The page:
Cheney had outplayed his main challenger well, with the backing of former party leaders like his father, former Vice President Dick Cheney, former President George W. Bush and the senator. Mitt Romney (R-Utah) — all of whom have seen their standing diminish amid the Trump-fueled Republican Party takeover. And while Cheney had spent millions trying to keep her seat, her fundraising far exceeded what she spent – potentially leaving millions in the bank for her future political endeavors.

Cross-voting is notoriously difficult to measure, and even more difficult to achieve meaningful amounts. But voter registration records in Wyoming showed at least a nominal increase in Republican registrants over the summer, while Democratic numbers fell.

Registration numbers were even more dramatic in Teton County, the bluest and most liberal part of the state. It was in this touristy, touristy part of Wyoming — now known for its wealthy foreigners pushing its less wealthy residents further — that Cheney voted on primary day. And it was Cheney County’s best Tuesday night.

Palin vying for a return to Alaska

Tuesday’s other big election will be in Alaska, where former Gov. Sarah Palin is vying for a political comeback. Palin is running in the special election to fill the remainder of the term of late GOP Rep. Don Young.

Palin’s time as a star at the center of the Republican Party burned hot and fast: In the space of about three years, she was elected governor of Alaska by defeating the incumbent, ascended the presidential ticket of 2008 and eventually resigned from office in 2009.

His chance to return is complicated by Alaska’s new election format, with the special election being the first held under the new rules. In the state, all candidates now run in a multiparty primary, with the top four qualifying for a ranked general election.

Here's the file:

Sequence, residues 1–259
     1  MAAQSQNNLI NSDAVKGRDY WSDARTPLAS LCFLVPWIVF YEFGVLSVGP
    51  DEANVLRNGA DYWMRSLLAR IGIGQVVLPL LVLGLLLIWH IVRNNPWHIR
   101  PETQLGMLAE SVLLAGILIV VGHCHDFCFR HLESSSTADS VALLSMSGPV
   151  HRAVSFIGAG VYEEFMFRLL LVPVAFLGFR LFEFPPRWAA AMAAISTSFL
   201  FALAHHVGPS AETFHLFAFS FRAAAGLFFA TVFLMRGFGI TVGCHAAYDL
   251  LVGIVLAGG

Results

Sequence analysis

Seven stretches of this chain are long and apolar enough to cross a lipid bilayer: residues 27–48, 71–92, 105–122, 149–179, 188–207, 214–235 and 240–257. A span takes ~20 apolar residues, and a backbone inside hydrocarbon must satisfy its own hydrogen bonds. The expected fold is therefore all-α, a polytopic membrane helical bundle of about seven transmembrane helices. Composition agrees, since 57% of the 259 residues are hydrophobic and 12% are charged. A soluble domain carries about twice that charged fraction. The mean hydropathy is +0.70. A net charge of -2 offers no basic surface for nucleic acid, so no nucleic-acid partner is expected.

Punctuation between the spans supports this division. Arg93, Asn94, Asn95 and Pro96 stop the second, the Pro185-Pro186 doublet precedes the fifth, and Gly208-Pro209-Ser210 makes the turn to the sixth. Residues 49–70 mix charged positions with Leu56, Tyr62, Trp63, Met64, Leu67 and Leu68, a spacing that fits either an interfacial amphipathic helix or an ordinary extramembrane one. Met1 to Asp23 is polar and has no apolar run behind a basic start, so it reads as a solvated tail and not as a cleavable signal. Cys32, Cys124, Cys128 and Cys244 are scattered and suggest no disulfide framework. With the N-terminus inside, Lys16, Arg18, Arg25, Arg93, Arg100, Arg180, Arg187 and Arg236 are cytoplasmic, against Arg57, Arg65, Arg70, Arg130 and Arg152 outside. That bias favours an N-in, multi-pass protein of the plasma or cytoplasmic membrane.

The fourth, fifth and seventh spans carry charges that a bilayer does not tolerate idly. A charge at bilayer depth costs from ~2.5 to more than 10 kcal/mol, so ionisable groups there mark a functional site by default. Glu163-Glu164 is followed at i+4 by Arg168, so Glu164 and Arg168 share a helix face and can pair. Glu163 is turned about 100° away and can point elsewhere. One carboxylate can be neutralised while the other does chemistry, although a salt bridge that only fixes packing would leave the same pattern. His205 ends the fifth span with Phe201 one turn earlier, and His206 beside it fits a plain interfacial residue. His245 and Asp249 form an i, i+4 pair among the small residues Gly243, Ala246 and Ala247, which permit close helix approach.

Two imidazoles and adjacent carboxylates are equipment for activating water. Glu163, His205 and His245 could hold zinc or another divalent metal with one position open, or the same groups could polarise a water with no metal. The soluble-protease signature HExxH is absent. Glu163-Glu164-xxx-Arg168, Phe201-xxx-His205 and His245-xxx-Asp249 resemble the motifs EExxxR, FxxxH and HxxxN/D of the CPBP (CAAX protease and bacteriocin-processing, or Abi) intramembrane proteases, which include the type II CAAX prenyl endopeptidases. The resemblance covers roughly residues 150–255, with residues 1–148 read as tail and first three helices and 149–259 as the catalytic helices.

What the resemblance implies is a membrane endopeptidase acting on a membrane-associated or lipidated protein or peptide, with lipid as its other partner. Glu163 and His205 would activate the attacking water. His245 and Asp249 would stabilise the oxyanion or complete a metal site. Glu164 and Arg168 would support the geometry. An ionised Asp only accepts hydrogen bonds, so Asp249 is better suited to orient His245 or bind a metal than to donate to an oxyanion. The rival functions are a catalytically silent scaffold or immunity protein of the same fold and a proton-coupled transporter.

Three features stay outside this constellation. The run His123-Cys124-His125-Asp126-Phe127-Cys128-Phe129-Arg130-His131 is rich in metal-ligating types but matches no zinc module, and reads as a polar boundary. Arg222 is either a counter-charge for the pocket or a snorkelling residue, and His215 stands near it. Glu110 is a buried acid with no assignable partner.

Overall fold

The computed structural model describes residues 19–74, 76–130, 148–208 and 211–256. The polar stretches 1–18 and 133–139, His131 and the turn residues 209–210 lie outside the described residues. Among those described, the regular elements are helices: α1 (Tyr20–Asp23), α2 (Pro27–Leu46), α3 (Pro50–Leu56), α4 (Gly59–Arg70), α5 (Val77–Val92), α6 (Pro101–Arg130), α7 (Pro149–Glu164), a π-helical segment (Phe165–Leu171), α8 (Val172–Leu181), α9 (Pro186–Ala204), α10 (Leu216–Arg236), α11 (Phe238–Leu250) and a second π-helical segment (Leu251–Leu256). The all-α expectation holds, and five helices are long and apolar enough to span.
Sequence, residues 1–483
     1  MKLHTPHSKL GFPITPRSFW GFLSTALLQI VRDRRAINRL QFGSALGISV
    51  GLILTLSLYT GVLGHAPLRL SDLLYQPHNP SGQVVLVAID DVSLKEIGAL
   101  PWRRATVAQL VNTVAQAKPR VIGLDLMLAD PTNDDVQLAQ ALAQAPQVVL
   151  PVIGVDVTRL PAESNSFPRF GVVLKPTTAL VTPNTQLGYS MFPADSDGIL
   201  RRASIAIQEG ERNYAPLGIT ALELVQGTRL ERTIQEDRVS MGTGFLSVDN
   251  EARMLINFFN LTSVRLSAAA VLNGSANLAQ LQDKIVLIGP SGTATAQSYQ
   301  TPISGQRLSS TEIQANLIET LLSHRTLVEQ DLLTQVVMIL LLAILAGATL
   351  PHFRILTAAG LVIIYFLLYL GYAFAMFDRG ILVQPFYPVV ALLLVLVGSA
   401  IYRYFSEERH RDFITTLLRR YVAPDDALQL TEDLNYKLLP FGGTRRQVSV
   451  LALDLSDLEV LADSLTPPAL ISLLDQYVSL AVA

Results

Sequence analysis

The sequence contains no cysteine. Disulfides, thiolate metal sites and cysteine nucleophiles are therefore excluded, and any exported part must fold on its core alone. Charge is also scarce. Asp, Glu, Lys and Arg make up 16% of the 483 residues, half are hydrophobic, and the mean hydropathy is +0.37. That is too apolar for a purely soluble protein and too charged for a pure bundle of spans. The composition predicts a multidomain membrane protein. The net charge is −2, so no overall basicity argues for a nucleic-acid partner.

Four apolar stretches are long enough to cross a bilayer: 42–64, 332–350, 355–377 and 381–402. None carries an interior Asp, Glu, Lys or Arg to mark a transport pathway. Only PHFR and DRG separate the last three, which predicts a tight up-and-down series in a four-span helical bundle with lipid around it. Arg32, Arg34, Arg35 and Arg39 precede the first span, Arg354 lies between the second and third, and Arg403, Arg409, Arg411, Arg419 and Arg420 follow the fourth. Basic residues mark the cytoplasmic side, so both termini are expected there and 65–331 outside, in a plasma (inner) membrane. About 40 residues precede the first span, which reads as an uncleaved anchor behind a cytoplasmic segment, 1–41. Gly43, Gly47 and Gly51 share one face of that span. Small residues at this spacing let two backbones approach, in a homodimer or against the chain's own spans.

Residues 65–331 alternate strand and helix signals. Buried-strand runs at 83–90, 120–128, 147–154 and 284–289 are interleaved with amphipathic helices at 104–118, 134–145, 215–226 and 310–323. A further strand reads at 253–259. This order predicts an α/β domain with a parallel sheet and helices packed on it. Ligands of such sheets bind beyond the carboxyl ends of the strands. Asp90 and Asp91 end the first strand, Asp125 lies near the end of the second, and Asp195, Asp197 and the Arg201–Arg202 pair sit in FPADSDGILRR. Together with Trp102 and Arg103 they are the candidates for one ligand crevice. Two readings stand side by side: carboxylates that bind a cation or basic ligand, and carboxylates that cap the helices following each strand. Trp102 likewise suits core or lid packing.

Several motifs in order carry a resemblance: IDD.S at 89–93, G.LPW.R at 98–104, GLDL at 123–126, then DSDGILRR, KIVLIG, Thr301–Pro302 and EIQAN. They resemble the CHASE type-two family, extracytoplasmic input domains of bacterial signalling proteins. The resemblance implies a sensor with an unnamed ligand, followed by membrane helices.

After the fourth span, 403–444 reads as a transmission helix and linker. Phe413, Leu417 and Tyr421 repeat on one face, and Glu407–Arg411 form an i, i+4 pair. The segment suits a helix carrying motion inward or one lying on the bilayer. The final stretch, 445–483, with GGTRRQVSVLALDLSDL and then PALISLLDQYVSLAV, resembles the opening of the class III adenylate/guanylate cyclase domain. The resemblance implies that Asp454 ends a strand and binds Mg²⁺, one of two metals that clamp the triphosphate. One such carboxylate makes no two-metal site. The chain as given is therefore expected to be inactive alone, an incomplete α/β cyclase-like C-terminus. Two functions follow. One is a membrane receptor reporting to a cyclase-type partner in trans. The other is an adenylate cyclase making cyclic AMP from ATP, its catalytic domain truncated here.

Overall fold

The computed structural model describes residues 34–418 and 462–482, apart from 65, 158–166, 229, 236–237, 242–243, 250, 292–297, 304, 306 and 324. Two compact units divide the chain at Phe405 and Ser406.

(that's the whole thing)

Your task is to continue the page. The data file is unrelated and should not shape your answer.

Palin finished first in the June primary, followed by fellow Republican Nick Begich, the grandson of the late Democratic congresswoman of the same name, and former Democratic state Rep. Mary Sattler Peltola. (A fourth qualified candidate dropped out.)

But the primary results suggest an ‘instant second round’ of ranked picks will be needed, which would mean a winner won’t be known until state election officials tabulate. picks ranked Aug. 31. Palin took the top spot in June with just 27% support.

The regularly scheduled primaries for November’s general election also take place on Tuesday, including for a full term for the state’s General House seat. GOP Gov. Mike Dunleavy is also seeking re-election and faces a group that includes former Gov. Bill Walker, who is running as an independent.

And the senator. Lisa Murkowski (R-Alaska) is on the ballot, where she and her Trump-endorsed opponent Kelly Tshibaka are expected to qualify for a ranked general election. Murkowski voted to convict Trump on the impeachment charges Cheney backed last year.

The new format in the state should benefit Murkowski, who is used to attracting a broader coalition of support – including her victory in 2010, where she won a statewide campaign after having lost the Republican Senate primary.